Central to adjustment of the GC regimen to meet the changing needs and priorities of adult life is achieving balance between cortisol replacement and androgen management and mitigation of the treatment consequences.2,4,6 Physiologic doses of GCs are sufficient to manage the inherent cortisol deficiency of CAH. To indirectly regulate adrenal androgen production via restoration of negative feedback to the HPA axis, however, most often requires supraphysiologic GC doses. When effective, the high doses do reduce hypothalamic CRF, leading to reduced activation of CRF1 receptors and suppression of ACTH-driven androgen excess.1-5

Yet for many adults with CAH, even the supraphysiologic doses of GCs are not sufficient to reduce the overproduction of androgens. Research shows that androgen levels remain poorly managed with GC therapy in up to two-thirds of adults with CAH.2,4,7

In a recent multicenter study of young adults (median age 33 years) with CAH receiving GC therapy, the prevalence of disorder-related cardiometabolic and bone comorbidities persisted despite treatment, including osteoporosis/osteopenia, hyperlipidemia, type 2 diabetes, and hypertension.10 The long-term exposure to high-dose GCs in adulthood compounds comorbidities of the disorder and increases the risk for treatment-related adverse events, including for iatrogenic Cushing syndrome.2,4,5,9

Infertility is among the chief concerns of a proportion of adults with CAH. For women, restoration of the ability to conceive typically requires short-term increased intensity of GC treatment.2,6 Men may experience compromised testicular function related to GC therapy but intensifying treatment in an effort to overcome infertility may lead to further suppression of the hypothalamic-pituitary-gonadal axis.2,11

Treatment Response

Response to different types and formulations of GCs available for adult treatment is wide and variable, both within and between individuals.2,8 Careful monitoring is required for signs of GC overtreatment and for signs of inadequate normalization of androgens2 and is made more challenging by the narrow therapeutic index associated with some synthetic GCs.4 Consistent timing of hormone measurements is required for optimal understanding of metabolic control2 although the variability of traditional biomarkers of control (17-hydroxyprogesterone and androstenedione) is well recognized, with stress leading to an acute increase and a dose of GC precipitating a decrease.4 Neither are the 2 markers in wide use adrenal-specific.4

For adults with CAH who have difficulty reaching and maintaining a balance between effective treatment and side effects that challenge quality of life, the shifting medication routines and need for ongoing monitoring to allow adjustment, may lead to refusal of treatment, according to experts.9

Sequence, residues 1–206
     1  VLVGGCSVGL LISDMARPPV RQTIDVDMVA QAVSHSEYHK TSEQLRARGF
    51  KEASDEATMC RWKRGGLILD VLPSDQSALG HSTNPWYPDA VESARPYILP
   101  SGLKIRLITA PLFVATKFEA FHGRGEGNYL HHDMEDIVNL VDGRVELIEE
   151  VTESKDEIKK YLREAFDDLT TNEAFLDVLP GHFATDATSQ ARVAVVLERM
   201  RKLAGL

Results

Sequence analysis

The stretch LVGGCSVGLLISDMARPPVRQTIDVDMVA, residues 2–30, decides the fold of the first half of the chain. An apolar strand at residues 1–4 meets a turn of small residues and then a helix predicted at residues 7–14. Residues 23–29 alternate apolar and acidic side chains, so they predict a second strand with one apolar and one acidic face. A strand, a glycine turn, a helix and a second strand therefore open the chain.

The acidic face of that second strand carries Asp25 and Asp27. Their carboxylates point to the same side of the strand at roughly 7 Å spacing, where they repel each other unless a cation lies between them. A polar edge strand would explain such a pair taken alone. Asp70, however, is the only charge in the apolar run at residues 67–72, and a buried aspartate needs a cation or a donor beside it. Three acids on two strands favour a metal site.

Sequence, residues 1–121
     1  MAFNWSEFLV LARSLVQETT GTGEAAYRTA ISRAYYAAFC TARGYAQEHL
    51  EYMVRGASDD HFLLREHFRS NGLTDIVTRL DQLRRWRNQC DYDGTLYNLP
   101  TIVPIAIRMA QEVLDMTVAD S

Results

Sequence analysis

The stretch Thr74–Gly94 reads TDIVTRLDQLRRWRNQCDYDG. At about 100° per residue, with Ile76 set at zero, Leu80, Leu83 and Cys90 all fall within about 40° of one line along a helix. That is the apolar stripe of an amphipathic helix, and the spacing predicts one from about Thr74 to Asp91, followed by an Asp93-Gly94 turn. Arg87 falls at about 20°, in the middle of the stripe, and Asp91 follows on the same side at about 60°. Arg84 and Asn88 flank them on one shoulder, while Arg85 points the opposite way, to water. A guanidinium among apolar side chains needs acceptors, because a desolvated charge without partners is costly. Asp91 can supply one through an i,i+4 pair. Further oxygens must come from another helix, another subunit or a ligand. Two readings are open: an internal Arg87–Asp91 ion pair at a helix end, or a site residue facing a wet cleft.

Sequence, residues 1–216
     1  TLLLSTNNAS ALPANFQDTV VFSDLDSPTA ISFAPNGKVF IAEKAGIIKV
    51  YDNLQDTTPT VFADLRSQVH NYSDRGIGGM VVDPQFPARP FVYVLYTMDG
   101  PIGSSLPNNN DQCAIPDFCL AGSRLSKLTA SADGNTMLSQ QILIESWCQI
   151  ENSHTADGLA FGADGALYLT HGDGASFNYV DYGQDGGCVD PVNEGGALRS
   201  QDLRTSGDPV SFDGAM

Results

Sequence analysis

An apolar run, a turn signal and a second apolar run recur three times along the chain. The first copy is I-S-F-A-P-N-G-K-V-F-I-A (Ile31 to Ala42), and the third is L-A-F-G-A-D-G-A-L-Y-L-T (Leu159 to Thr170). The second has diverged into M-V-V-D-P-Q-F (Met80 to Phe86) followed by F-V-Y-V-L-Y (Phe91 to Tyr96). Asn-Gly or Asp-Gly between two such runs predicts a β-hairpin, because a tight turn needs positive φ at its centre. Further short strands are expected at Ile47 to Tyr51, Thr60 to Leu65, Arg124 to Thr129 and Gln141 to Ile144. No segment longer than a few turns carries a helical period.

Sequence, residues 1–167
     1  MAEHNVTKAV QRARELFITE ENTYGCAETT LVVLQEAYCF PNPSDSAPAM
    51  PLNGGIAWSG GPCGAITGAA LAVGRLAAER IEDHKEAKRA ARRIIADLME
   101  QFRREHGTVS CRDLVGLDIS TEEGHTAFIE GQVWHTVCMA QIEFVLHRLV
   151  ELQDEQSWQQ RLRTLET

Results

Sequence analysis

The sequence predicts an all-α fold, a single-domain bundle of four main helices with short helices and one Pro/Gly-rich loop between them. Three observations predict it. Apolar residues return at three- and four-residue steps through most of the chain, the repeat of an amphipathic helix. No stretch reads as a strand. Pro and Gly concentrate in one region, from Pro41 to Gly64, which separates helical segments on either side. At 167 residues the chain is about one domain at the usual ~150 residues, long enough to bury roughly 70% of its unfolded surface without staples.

The absence of consensus guidelines leaves both adult patients and their health care providers in a clinical hall of mirrors where the replicating images suggest the ongoing treatment decisions, changes, variable outcomes, and subsequent treatment decisions.

There is significant progress, however, in the development of medications designed to overcome the decades-old challenge of managing CAH with GCs. These include novel approaches to physiologic cortisol replacement with modified-release GC formulations and, importantly, non-GC strategies that directly address ACTH-driven androgen excess, separating control of that process from GC treatment of cortisol deficiency.4

1. Auer MK, Nordenström A, Lajic S, Reisch N. Congenital adrenal hyperplasia. Lancet. 2022;401(10374): 1-18. doi:10.1016/S0140-6736(22)01330-7
2. Speiser PW, Arlt W, Auchus RJ, et al. Congenital adrenal hyperplasia due to steroid 21-hydroxylase deficiency: an Endocrine Society Clinical Practice Guideline. J Clin Endocrinol Metab. 2018;103(11):4043-4088. doi:10.1210/jc.2018-01865
3. Claahsen-van der Grinten HL, Speiser PW, Ahmed SF, et al. Congenital adrenal hyperplasia—current insights in pathophysiology, diagnostics, and management. Endocr Rev. 2022;43(1):91-159. doi:10.1210/endrev/bnab016
4. Mallappa A, Merke DP. Management challenges and therapeutic advances in congenital adrenal hyperplasia. Nat Rev Endocrinol. 2022;18(6):337-352. doi: 10.1038/s41574-022-00655-w
5. Merke DP, Auchus RJ. Congenital adrenal hyperplasia due to 21-hydroxylase deficiency. N Engl J Med. 2020;383(13):1248-1261. doi:10.1056/NEJMra1909786
6 Auchus RJ, Arlt W. Approach to the patient: the adult with congenital adrenal hyperplasia. J Clin Endocrinol Metab. 2013;98:2645-2655. doi:10.1210/jc.2013-1440.
7. Turcu AF, Auchus RJ. Novel treatment strategies in congenital adrenal hyperplasia. Curr Opin Endocrinol Diabetes Obes. 2016;23(3):225-232. doi:10.1097/MED.0000000000000256
8. Whittle E, Falhammar H. Glucocorticoid regimens in the treatment of congenital adrenal hyperplasia: a systematic review and meta-analysis. J Endocr Soc. 2019;3(6):1227-1245. doi 10.1210/js.2019-00136 |
9. Auchus RJ. Management of the adult with congenital adrenal hyperplasia. Int J Ped Endocrinol. 2010;1-9. doi:10.1155/2010/614107
10. Righi B, Ali SR, Bryce J, et al. Long-term cardiometabolic morbidity in young adults with classic 21-hydroxylase deficiency congenital adrenal hyperplasia. Endocrine. 2023;80(3):630-638. doi:10.1007/s12020-023-03330-w
11. Pofi R, Ji X, Krone NP, Tomlinson JW. Long‐term health consequences of congenital adrenal hyperplasia. Clin Endocrinol. 2023;1–15. doi:10.1111/cen.14967